Tuesday, March 25, 2008

"So do you mind if I ask -- what are you writing?"

I get asked that a lot when I write at a bar. Usually I say "I'm working on a play" or "I'm working on a novel" and then describe it in bare bones terms, but occasionally, I'll slide over my notebook so whoever's asking me can see what's in it. If they can read my increasingly illegible handwriting, that is.

Here's a sample of what I wrote in my notebook Monday night:


We dream beside the lies that help us sleep
We kiss the lies that tell us we're the best
We hug the lies our own lies want to keep
We chase exciting lies and ditch the rest

New York City is like a club where the bouncer says "You have to leave your heart at the door, but you can pick it up when you leave."

Molly Wander: character name, play title.

The great story of the 21st century will be the dissolution of the community experience. Music is listened to via earphones, movies are watched on portable laptops, bookstores are closing because people would rather buy online than browse (which is what happened to music stores), and theatre and concerts will become, like opera, expensive and calcified productions aimed at reassuring those who attend that their community is still vital, when in fact it's just a dead body which only moves because it's being zapped now and then by a hunchback flicking an electrical relay. The only communities will be religious, and they will all be insular and protective.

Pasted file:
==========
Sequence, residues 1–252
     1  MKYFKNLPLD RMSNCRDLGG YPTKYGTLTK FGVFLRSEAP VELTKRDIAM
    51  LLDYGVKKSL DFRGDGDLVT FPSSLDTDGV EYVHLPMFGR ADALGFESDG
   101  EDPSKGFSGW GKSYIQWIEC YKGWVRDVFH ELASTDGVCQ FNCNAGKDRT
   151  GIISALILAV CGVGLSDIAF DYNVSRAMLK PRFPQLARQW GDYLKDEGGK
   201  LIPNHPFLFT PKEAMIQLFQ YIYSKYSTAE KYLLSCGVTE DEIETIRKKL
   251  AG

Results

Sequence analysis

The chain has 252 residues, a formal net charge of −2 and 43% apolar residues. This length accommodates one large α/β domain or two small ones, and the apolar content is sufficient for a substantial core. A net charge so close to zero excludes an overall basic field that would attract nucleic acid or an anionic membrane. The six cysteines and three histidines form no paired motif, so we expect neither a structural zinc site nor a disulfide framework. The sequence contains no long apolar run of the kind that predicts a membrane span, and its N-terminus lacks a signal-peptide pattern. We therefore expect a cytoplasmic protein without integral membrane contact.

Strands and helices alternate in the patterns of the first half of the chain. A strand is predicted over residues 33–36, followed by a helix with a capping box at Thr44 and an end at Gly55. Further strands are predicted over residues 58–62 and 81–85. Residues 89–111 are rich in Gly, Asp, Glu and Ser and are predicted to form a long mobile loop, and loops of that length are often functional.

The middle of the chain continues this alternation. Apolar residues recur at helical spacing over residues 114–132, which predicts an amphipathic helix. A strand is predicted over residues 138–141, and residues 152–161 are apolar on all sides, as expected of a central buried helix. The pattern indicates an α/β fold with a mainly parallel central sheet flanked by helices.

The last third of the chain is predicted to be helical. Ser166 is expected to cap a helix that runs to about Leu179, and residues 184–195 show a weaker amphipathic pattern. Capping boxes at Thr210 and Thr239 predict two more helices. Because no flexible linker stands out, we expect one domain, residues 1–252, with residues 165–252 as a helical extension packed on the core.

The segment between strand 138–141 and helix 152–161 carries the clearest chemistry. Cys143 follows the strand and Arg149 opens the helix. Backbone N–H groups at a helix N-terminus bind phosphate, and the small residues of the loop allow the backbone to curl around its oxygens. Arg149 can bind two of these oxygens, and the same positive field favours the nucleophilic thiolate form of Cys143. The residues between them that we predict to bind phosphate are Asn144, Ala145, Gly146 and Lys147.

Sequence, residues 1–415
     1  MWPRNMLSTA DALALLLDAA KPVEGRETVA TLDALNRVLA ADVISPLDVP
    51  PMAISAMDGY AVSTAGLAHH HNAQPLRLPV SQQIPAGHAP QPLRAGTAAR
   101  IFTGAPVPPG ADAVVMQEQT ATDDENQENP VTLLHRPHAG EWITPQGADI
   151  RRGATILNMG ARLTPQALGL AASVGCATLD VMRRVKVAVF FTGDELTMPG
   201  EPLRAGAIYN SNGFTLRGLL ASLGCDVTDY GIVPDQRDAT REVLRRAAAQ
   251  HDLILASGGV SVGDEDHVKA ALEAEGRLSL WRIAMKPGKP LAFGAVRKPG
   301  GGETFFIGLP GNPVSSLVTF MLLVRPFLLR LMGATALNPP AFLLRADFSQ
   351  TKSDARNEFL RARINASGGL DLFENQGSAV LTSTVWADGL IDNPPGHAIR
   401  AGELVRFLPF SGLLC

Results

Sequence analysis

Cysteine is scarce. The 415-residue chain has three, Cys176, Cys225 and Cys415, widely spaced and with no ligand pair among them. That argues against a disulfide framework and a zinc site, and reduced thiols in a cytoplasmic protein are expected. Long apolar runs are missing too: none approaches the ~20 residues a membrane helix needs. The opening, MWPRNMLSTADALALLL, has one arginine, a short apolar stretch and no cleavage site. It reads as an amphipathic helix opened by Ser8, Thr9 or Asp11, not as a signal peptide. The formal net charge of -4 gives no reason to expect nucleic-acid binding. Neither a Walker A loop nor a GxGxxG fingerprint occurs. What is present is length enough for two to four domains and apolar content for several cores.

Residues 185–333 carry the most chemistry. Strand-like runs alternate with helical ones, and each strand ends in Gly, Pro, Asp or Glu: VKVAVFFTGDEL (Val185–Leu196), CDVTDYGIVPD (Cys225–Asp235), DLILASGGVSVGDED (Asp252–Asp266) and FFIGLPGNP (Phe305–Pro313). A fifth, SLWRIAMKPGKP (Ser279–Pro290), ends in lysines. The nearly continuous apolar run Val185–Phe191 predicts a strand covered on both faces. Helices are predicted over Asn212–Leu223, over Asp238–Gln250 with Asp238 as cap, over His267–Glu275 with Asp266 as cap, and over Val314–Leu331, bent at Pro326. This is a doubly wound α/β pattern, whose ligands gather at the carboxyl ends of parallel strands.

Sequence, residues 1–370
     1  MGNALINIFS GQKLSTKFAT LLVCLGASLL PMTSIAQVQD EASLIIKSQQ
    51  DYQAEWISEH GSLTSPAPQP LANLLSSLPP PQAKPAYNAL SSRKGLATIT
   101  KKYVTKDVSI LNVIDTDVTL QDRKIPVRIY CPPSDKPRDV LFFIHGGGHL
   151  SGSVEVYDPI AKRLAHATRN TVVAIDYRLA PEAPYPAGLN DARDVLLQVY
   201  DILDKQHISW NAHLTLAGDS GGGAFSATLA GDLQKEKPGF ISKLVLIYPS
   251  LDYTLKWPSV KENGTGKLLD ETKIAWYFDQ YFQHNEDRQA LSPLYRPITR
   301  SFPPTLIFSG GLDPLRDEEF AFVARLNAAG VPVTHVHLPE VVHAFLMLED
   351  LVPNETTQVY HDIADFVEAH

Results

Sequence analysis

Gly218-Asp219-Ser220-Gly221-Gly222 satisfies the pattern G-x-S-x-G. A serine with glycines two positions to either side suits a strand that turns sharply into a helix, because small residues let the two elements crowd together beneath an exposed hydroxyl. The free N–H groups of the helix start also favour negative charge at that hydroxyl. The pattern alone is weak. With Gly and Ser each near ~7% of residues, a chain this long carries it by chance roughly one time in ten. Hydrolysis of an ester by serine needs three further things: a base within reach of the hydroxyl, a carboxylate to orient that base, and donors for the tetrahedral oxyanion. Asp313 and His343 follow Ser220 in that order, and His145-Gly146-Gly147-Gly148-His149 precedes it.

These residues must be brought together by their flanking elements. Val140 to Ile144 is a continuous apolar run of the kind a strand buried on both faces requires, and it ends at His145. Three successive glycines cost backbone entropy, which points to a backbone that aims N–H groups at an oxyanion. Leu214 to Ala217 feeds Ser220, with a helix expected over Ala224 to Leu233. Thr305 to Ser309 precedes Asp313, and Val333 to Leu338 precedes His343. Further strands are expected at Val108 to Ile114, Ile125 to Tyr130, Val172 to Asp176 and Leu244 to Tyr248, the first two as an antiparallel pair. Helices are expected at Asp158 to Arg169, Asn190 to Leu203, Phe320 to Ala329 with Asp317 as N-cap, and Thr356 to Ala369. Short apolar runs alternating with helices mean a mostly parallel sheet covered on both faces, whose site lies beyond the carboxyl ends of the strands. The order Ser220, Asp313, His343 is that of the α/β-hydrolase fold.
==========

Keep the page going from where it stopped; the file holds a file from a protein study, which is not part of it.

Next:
He knows the iron by the way it rusts
And anger is the only love he trusts

How did Vestal Virgins get around? And how many of them were there? (Six, I think.) So if there's a seventh one running around loose in ancient Rome, how obvious would it be?

Poetry: expressing a commonplace in the language of revelation.

"Man is meant to suffer, never more than when he goes out to enjoy himself." -- Monica de la Torre

The world will never run out of ways to let us down.

How do you find out if someone is guilty? Accuse them of something you know they didn't do, and watch how they react.

THREE DEAD SLAVES: So instead of the body of the third dead slave showing up out of the blue, like the first two did, what if Quintus [our hero] decides in true Abbie Hoffman style that there is more truth in confusion than in order? He knows there are people out there who murdered a slave and then buried the body; he knows that there is someone else out there who dug up the dead body and then dumped it where it could be found. And he happens to know where there's a dead body that nobody knows is dead. So what if he takes that dead body, covers it with dirt like the first dead body, dresses it up so that it's wearing the same kind of peplum as the first dead body, and then dumps it in front of the house of someone he suspects of being the killer? Just to see what happens -- just to see who goes nuts about it. And everyone goes nuts about it, from Caesar on down.

I like it. Except that I now have to figure out another way for the third slave to die. And I have to go back and rewrite the last 100 pages.